In addition the achievements of the students, the coaches were honored with the Outstanding Service Award to Collegiate Shooting Sports award and received a standing ovation for their dedication to the team. Volunteer coaches since 2009, Stephan Goldstein, Brooks Lyman, Yakov Ostrovsky, Herald Sulahian, and Doug White truly go the extra mile to help the team improve in any way possible.
Kim says “They aren’t only our coaches, but our friends as well.” Recent graduates and members of the team Wen Chyan ‘13 and Joyce Chen ’12 commented that “As shooters who were with the team during the transition from a varsity team into a club sport, we can say from firsthand experience that without all of the volunteers, alumni, and [Pistol and Rifle Club] that stepped up after loss of our coach and funding, the pistol team would have lost continuity and fallen apart. Specifically, we hope that all team members join us in recognizing that none of this would be possible without the help of our day-to-day volunteers over the past few years. I believe that the [award] is well deserved, and in my opinion, should have been awarded to these outstanding individuals well before this year.”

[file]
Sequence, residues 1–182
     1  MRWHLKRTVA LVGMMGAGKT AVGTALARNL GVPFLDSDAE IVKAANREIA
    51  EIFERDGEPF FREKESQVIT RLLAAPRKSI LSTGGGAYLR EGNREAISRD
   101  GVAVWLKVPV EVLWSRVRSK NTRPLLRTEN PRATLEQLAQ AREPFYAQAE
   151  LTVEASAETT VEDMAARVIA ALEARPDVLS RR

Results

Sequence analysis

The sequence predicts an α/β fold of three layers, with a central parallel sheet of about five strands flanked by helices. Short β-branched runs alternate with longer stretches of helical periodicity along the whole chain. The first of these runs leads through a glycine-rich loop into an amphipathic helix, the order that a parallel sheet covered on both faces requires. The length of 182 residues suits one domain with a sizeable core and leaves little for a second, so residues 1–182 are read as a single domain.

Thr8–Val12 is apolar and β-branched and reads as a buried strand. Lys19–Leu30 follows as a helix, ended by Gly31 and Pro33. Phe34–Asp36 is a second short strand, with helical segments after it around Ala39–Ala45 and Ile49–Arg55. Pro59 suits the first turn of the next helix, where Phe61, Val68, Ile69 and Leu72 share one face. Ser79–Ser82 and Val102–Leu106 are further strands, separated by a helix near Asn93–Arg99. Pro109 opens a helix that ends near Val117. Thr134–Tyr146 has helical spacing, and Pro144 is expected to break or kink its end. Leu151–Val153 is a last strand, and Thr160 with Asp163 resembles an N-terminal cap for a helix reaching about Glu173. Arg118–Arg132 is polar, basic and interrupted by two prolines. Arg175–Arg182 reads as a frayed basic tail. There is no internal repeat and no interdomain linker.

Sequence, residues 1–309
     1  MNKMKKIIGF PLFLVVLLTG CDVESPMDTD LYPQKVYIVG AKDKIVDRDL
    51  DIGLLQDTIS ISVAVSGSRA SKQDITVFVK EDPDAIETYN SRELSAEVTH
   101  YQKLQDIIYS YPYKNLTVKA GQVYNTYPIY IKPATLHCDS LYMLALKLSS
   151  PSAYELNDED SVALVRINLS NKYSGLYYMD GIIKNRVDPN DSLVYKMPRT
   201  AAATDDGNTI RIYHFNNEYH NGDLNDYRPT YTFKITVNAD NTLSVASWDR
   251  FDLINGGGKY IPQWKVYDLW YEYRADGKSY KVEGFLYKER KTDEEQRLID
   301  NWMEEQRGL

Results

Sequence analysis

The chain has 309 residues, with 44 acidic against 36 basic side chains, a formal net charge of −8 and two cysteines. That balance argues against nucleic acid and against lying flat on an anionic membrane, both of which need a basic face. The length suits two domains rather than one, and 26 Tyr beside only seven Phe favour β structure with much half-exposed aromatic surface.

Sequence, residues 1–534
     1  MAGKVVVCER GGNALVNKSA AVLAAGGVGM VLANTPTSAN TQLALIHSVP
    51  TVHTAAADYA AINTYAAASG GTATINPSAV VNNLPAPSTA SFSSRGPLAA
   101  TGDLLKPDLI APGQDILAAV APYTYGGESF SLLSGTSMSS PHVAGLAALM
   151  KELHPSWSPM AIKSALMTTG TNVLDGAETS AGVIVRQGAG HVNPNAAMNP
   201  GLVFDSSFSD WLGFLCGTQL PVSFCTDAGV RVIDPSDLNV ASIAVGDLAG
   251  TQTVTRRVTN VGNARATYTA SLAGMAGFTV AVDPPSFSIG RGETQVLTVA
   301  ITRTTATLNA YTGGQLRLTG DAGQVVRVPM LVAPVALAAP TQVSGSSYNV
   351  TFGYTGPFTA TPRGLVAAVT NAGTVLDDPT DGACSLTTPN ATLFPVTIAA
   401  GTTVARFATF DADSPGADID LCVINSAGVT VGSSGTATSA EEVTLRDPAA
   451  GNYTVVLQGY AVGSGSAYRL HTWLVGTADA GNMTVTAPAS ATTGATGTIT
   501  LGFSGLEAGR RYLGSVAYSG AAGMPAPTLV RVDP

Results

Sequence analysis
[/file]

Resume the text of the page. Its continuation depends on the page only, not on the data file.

The coaches and more experienced team members play a big role in transforming MIT students, many of whom have no previous shooting experience, into nationally-competitive athletes.
All team members and coaches are proud of this year’s results and accomplishments. Although Hsu, Kim, and Chen are graduating, they are still training the underclassmen to maintain the competitive strength of the team. Chen will continue to help the team next year as she completes her MEng. Francisco J. Garcia ’17 and William G. Wong ’17 got the opportunity to travel with the team to Nationals and have 3 years of potential ahead of them.
Last weekend, the students shot the last match of the year against alumni of the team, all of whom exemplify the fact that shooting is “a lifetime sport.” Students enjoyed hearing stories of past teams, and shooting alongside their more experienced counterparts, some of whom, like Goldstein, had been national champions in their own right, as well as members of the US team. For the second time in team history, the students were victorious against the alumni, and for the first time, they were victorious in both courses of fire.